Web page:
Viola Beach by Viola Beach | Album Review

29th JULY 2016 | FULLER BEANS RECORDS | LOVE

Viola Beach is the posthumous album from Warrington’s Viola Beach. Last year I had the pleasure of witnessing the four-piece perform on the BBC Introducing stage at Reading & Leeds Festival and was blown away by their vibrant display of great indie rock. Their singles ‘Swings & Waterslides’ and ‘Boys That Sing’ provided all of the yearning lyrics, sunny instrumentals and youthful enthusiasm to make it easy to fall in love with them. Unfortunately a tragic accident during the band’s first overseas tour resulted in their careers ending before they truly had a chance to get started. However, thanks to the bands’ families they were able to get their debut album released to the world, which reached the #1 spot here in the UK.

This record displays nine tracks that the band fortunately managed to record into a decent quality which reveal the huge potential Viola Beach had as the next big thing to come out of the UK. ‘Swings & Waterslides’ features an upbeat instrumental with crashing drums, summery guitar melodies and a whole lot of hooks to kick things off in a very accessible and catchy way. ‘Go Outside’ maintains this upbeat feel by delivering its own set of sunny melodies and off-kilter funky beat, as well as a couple of simply effective hooks too.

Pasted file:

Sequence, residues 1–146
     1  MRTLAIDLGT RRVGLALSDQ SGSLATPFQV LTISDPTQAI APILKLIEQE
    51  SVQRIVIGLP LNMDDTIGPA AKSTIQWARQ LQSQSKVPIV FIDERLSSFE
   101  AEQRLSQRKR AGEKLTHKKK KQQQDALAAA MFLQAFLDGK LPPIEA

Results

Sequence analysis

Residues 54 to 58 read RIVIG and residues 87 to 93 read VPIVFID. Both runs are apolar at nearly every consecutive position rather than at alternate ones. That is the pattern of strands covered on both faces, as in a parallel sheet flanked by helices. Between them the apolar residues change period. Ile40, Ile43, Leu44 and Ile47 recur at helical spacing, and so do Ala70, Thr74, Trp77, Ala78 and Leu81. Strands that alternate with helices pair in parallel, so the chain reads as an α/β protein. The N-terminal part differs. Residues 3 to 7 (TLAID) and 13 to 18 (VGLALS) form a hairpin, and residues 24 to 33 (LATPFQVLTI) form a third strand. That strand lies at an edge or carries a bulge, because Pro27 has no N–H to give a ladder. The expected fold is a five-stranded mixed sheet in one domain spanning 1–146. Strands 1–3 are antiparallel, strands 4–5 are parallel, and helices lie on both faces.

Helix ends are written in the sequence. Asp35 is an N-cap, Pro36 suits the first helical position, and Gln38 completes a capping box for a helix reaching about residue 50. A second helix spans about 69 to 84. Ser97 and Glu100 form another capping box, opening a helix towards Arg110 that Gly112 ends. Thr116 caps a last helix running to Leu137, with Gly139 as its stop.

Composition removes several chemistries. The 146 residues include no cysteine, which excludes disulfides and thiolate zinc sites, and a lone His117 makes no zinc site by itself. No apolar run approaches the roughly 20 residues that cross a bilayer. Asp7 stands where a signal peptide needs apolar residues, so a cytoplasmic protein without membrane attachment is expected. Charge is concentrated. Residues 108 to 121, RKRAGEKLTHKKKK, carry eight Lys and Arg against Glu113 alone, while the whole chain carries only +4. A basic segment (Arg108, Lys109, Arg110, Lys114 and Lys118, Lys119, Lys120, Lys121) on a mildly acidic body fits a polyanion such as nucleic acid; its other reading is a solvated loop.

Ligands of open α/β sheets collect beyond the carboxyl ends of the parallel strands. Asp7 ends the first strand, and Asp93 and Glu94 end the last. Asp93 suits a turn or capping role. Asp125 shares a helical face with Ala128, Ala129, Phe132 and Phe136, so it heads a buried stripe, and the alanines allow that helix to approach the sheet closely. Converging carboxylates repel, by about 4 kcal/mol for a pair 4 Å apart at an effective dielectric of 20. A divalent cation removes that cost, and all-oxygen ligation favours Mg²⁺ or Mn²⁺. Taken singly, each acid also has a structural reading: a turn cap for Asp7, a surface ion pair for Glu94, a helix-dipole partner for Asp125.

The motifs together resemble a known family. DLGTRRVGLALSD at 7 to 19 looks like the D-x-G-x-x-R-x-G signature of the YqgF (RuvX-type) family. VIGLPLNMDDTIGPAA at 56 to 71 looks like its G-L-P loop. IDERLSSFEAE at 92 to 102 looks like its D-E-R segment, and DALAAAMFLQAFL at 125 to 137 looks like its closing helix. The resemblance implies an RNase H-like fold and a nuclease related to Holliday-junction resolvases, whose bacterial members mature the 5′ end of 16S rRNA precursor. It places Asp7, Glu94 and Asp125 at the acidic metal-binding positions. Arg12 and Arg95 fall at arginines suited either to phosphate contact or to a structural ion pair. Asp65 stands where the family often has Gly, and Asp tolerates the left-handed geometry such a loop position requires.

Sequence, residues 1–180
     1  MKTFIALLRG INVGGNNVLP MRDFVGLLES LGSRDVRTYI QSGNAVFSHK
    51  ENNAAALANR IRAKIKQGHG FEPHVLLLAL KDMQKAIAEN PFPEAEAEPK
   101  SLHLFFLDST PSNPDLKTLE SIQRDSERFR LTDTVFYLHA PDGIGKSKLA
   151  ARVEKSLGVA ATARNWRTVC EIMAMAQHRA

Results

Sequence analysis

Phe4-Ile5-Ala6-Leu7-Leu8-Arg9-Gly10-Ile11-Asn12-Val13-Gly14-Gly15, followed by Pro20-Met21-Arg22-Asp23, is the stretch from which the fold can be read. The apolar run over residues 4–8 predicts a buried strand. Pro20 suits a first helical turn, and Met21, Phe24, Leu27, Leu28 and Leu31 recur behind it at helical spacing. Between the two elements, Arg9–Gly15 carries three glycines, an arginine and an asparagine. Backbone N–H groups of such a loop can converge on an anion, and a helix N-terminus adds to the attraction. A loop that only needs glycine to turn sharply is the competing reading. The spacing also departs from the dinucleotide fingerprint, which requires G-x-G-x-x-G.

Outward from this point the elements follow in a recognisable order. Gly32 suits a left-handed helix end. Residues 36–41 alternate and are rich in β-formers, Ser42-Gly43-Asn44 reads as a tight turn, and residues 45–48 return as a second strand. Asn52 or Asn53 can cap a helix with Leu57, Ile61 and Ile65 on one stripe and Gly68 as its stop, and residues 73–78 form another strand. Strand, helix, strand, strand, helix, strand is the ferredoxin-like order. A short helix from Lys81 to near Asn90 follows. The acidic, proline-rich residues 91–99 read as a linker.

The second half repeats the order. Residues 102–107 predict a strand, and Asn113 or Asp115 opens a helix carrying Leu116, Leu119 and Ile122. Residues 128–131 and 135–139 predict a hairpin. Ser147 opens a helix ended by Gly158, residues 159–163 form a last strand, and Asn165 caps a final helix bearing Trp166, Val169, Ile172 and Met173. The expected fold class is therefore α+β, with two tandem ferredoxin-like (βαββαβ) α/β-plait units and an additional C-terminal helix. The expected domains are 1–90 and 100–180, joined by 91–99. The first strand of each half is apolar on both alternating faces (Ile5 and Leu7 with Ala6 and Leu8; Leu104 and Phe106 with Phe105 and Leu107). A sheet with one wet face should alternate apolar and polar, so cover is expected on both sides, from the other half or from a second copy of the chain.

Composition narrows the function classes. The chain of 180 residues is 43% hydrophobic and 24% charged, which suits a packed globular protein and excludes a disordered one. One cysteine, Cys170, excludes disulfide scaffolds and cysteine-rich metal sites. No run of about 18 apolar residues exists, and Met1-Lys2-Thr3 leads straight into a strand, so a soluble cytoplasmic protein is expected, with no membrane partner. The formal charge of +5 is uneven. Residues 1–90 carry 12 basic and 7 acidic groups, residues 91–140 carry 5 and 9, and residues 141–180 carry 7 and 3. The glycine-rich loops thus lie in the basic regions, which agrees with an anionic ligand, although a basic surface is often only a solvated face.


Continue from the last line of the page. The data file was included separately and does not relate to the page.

‘Drunk’ sees Viola Beach head towards a much more downtrodden side as despite the danceable drums the guitars perform a slightly more sombre riff which combines nicely with more subdued melodies. ‘Really Wanna Call’ also brings back memories of the lyrical content heard throughout Arctic Monkeys’ debut record, which leads in nicely to ‘Call You Up’ – the longest track on the record.

Viola Beach closes out with two tracks which help shift the mood into the much happier tone of it’s beginning. ‘Get To Dancing’ is a live performance from the band’s BBC Sessions and this rawer cut really helps gets the dancing vibes sinking deep into the hips and toes. It’s an infectiously great track, which makes way for the band’s final single ‘Boys That Sing’.

‘Boys That Sing’ encapsulates everything that was special about Viola Beach. It’s catchy instrumental is well layered with guitars that slip and shake between the forever dancing drums and the deep-rooted basslines. It’s big booming chorus ascends into another level as it swells with lyrics of taking on the world and the desire of wanting to make a name for yourself, which alongside the confession of learning to sing to get a girl to like you makes it clear why it was easy to get behind Viola Beach.

It’s a tremendous shame what happened to Viola Beach but with the release of this record, the four boys from Warrington and their manager can be remembered for producing nine songs that proudly display a level of boyish charm and gusto that resonates with everybody. This record is brilliant, and it’s a great thing to be able to experience the sound of Viola Beach as they intended it to be. Their legacy can now be remembered via the medium of catchy, scrappy coming of age music which is something that will remain forever. RIP boys.

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